Militarism in Post-Soviet Russia: War, Identity and Culture, 1990-2000

In this post, Swansea University PhD student Allyson Edwards explains her research project…

Scholarship about militarism in the Soviet Union and Russia concentrates on the role of men in the armed forces, with minimal focus on how the military culture affected the family unit or the women within it. This is surprising, considering the extent to which the military shaped Russian culture, society, and political life. Whilst men were glorified for their role in the military, women were praised for their role as the mother and wife of those within the armed forces. During the final years of the Soviet Union and the early years of the Russian federation, there were cutbacks in the army. Whilst the man lost his role within the army, the woman maintained her role as the mother and wife.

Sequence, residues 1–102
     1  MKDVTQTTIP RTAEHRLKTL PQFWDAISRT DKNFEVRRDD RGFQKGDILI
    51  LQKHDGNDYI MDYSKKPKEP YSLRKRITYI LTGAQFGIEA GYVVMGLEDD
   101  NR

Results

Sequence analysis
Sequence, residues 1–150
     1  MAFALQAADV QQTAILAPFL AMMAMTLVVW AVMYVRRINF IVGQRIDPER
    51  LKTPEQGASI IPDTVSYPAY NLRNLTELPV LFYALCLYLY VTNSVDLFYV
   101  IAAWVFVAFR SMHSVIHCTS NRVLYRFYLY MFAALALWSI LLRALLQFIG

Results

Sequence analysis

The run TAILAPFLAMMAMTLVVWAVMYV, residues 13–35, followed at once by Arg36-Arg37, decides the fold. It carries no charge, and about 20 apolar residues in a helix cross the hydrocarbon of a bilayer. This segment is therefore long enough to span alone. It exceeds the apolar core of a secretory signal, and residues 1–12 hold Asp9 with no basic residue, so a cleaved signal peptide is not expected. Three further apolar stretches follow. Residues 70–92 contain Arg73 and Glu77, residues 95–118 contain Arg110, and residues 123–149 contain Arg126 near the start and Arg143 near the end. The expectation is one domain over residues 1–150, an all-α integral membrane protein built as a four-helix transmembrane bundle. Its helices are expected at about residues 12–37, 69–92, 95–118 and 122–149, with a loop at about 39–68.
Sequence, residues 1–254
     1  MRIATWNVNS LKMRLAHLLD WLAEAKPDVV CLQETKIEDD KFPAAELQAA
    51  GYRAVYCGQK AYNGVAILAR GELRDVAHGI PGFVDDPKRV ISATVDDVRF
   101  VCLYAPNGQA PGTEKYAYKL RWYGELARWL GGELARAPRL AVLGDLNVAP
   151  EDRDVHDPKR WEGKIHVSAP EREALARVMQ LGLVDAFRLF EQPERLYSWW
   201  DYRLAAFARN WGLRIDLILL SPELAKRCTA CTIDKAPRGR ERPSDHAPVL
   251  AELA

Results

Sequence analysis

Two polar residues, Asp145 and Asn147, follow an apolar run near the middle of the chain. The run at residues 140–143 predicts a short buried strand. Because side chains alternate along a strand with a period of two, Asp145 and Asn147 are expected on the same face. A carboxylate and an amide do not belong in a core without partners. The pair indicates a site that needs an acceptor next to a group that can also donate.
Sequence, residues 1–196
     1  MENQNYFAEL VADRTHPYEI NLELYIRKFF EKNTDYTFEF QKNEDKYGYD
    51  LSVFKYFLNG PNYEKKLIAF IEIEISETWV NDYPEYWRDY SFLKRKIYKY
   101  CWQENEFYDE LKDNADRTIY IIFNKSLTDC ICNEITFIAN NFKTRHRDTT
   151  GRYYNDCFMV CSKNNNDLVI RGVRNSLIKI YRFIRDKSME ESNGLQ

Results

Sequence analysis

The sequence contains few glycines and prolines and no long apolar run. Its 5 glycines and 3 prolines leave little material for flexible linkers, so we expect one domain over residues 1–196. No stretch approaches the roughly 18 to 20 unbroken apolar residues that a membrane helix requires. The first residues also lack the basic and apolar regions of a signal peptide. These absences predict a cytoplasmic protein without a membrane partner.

glory-to-the-mother-heroine

In July, I was awarded funding by the DTC-ESRC studentship to explore ‘Militarism in Post-Soviet Russia: War, Identity and Culture, 1990-2000.’ My project aims to understand the gendered aspects of militarism, more specifically the extent to which militarism in post-Soviet Russian culture reinforced the patriarchal social structures and in what ways demilitarisation shaped the post-Soviet Russian family. To achieve this, the project focuses on the soldiers that were demilitarised throughout the Yeltsin regime. It will utilise the diaries and memoirs of former soldiers and their partners to identify the extent to which the military defined their identity, how societal perceptions of the military transformed aspects and characteristics of masculinity, and the implications of this process for Russian politics, society, and culture.

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